The debate over the “knockout game” has taken a series of predictable turns in national media and in the halls of government. Yes, this vicious pastime in which bored or hostile teenagers attack helpless older or outnumbered people affects all Americans, not just those of a particular race – but it’s also a fact that more victims of these unprovoked assaults have been white than have been black, more of their assailants have been black than have been white, and the Obama administration has applied its typical anti-white racist outlook (remember, Holder refused to charge Black Panthers who blocked a polling site specifically because they were black) to the problem.
When an upstate New York woman had her face slashed open by three black attackers, requiring 47 stitches to repair the wound, this was apparently not a hate crime. Yet at the first opportunity, a white man who targeted a black victim was immediately slapped with federal hate-crime charges. The Christian Science Monitor observed, “The majority of the reported [knockout game] incidents … have involved black men targeting white victims — and none triggered federal involvement. The fact that the Justice Department has elected to step in now, when a black man was the victim, has led to criticism among conservative pundits that the Obama administration is applying the hate-crime statute unevenly.”
Then there was the case of Tevin Geike, an Army soldier who was stabbed to death last October by three black soldiers. The attackers reportedly called Geike, who was white, “cracker” as they stabbed him. Police now claim the attack was not a hate crime. In the United States, you can find yourself financially ruined for admitting, under oath, that you might once have used the dreaded and unprintable “n-word” 20 years ago. Yet it’s always OK to call a white person a “cracker” (which seems to be the favored epithet for those who hate white people), even as you beat, kick, or stab them to death just for being white.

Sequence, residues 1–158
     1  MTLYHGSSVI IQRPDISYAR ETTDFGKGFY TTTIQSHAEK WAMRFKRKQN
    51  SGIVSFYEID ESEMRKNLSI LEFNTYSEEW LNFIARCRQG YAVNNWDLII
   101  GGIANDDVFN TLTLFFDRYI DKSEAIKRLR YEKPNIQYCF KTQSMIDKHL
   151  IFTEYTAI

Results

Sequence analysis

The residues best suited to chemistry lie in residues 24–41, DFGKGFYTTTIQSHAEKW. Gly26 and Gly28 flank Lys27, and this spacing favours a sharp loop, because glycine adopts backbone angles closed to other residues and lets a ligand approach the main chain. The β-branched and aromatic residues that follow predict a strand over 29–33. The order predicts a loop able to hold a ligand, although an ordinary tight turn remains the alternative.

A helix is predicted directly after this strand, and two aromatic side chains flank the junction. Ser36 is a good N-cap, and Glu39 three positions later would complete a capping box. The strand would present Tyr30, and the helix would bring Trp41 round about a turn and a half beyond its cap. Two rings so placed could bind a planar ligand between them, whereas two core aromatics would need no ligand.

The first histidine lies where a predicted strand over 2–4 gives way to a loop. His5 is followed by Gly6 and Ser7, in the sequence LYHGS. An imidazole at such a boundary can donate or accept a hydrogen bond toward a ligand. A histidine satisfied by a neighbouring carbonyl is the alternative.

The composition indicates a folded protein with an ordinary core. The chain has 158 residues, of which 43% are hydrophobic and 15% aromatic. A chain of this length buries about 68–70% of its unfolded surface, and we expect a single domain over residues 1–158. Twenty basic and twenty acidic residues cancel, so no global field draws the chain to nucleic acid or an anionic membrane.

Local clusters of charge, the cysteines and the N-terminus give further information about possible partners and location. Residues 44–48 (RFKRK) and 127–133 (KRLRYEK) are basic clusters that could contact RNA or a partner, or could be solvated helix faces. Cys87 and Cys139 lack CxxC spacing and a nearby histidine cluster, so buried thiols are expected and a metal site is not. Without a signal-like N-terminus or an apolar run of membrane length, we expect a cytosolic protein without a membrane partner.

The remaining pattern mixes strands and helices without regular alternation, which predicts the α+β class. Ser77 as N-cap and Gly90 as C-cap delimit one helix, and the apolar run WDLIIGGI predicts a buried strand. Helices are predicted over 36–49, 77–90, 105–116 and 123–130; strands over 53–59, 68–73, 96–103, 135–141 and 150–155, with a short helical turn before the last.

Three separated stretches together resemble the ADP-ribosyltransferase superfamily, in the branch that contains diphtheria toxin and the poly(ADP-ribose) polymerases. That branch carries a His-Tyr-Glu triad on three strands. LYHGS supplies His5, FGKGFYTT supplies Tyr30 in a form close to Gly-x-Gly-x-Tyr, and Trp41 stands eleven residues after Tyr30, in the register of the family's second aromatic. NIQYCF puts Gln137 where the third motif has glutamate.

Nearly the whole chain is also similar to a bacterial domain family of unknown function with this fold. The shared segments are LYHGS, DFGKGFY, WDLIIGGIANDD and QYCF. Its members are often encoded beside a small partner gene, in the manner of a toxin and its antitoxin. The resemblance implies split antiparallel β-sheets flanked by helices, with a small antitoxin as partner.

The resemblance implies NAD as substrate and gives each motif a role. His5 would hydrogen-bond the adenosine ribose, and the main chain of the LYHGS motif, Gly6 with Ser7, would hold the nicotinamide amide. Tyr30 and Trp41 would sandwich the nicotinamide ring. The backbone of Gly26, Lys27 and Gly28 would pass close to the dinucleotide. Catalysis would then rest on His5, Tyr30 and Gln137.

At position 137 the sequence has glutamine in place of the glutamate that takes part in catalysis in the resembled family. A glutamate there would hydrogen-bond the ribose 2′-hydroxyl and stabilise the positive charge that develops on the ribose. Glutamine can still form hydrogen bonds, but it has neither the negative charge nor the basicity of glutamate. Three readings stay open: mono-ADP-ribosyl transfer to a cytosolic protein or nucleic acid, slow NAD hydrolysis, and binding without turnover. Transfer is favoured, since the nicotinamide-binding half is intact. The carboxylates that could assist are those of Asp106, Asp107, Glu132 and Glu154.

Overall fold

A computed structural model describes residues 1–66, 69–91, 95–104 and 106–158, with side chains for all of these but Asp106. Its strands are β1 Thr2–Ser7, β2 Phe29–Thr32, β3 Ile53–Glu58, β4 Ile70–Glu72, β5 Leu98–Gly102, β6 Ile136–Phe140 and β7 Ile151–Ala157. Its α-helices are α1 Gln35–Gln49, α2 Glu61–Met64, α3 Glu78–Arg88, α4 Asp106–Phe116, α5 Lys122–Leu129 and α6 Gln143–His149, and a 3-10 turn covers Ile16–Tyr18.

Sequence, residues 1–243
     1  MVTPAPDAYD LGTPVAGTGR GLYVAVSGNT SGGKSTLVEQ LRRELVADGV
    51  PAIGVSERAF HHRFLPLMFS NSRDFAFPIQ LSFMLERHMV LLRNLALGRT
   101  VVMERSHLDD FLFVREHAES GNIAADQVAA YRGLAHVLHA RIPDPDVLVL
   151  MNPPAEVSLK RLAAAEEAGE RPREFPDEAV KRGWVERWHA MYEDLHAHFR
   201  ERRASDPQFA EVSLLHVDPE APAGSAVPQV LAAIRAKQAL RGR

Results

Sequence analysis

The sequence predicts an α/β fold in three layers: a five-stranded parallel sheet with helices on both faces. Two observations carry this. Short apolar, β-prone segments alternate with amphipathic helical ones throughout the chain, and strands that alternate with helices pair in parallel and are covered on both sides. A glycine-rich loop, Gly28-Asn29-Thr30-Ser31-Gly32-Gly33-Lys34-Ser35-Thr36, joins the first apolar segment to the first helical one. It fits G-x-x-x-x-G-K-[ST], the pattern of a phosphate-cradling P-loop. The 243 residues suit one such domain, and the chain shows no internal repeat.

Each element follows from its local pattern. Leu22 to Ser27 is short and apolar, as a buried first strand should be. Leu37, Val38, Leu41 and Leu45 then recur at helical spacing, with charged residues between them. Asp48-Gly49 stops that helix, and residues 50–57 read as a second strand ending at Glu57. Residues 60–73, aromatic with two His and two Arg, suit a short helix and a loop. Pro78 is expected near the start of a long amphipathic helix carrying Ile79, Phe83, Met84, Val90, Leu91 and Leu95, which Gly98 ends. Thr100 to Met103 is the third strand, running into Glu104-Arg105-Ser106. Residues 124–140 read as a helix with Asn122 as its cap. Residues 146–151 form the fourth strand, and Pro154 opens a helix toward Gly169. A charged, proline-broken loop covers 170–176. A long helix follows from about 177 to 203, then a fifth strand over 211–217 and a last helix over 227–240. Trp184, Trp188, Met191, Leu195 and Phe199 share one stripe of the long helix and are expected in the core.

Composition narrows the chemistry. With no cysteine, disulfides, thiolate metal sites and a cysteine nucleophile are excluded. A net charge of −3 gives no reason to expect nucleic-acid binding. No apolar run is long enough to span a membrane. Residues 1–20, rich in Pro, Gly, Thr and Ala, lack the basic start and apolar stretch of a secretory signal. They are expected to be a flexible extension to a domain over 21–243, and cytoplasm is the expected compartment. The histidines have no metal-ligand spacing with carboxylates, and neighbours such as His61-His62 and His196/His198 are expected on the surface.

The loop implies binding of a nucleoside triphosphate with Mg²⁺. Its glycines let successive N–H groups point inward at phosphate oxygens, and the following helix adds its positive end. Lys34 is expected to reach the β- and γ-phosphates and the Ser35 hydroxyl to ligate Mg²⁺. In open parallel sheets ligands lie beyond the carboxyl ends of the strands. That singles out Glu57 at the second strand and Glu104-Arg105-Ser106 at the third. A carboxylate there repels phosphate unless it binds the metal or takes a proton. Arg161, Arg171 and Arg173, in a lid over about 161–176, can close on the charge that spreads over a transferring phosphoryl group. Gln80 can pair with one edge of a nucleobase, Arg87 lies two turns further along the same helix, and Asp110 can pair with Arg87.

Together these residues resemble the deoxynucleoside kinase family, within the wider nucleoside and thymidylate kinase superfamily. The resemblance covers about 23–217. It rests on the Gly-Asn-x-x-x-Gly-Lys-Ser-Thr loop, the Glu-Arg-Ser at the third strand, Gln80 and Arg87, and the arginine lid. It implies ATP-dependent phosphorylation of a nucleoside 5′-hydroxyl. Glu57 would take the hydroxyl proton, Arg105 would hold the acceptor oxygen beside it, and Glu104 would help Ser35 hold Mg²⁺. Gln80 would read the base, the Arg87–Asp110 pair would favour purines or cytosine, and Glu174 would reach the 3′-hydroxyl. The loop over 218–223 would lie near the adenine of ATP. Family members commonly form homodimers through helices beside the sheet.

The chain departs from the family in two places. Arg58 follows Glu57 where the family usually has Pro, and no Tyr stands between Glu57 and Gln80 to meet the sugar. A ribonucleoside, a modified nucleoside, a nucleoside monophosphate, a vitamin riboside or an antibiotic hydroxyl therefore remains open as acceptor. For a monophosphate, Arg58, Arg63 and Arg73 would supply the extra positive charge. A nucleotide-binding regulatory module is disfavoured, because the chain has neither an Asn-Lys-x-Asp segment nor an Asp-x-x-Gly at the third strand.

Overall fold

As a society, we are faced with a dilemma. Does the prevalence of the Internet and the connectivity our smartphones and other Internet devices provide give us a distorted view of these attacks? In other words, have such assaults always been common? It could be that our technology, the interconnection of social media, the death of newspapers and the rise of up-to-the-second transmission of news and gossip (admit it – more Americans than ever are getting their breaking news most often from microblogging site Twitter), is simply increasing the reporting of, and the dissemination of reports of, these “knockout game” attacks.
Black mobs routinely terrorize cities across the country, but the media and government are largely silent. Read the detailed account of rampant racial crime in “White Girl Bleed a Lot: The Return of Race Riots to America”
Certainly Democrats, progressives and liberals in general have tried to claim that the “knockout game,” despite multiple news reports of random, unprovoked racial assaults, is an Internet urban legend – the kind of thing that snopes.com would tell you isn’t true, the popularity of which has ostensibly been exaggerated by overzealous bloggers and Web pundits. (The libs, in fact, have done everything short of jamming their fingers in their ears and humming loudly, refusing to acknowledge that the news is the news. “This is not happening” is a popular refrain among “progressives,” who must deny reality in order to continue embracing policies that are self-destructive and unconstitutional.)